Do you crave for a glass of red wine after a tiring and stressful day at work -- sipping away as you look out into nothing? Turns out it could actually a good thing for you. A new study, published in the medical journal Neuropharmacology now finds that resveratrol, a compound commonly found in red wines has proved effective in eliminating signs of depression and anxiety in mice.
The chemical compound in the skin and seeds of grapes and berries used for red wine blocks an enzyme in the brain linked to stress, depression and anxiety.
Researchers from the University of Buffalo and Xuzhou Medical University in China pumped rodents full of corticosterone, a hormone that helps regulate response to stress in both mice and people.
They found that high doses of resveratrol blocked the phosphodiesterase 4 (PDE4) enzyme, a byproduct of corticosterone, and put the hyper-anxious mice in higher spirits.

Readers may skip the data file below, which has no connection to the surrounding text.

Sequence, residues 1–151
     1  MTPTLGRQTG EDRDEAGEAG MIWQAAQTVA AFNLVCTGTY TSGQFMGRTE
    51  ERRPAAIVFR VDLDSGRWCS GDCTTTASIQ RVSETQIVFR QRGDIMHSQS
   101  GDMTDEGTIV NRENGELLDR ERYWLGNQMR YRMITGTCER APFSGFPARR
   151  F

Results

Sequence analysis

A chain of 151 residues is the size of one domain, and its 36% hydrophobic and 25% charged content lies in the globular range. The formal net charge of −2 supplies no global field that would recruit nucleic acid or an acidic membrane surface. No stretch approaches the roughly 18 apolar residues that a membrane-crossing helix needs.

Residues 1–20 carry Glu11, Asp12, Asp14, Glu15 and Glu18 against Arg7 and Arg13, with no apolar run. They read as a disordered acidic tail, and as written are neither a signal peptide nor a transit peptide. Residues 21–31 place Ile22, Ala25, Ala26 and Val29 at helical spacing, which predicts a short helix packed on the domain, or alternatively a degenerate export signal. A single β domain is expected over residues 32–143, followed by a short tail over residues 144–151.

Speaking about the same, lead author of the study Dr. Ying Xu, said that resveratrol may be an effective alternative to drugs for treating patients suffering from depression and anxiety disorders.
Incidentally, last year, experts in Brazil found that resveratrol in red wine could help fight cancer tumours as well.
While it is still far from being a viable antidepressant in the market, according to a Mayo Clinic report, alcohol and certain substances in red wine called antioxidants may help prevent coronary artery disease, the condition that leads to heart attacks.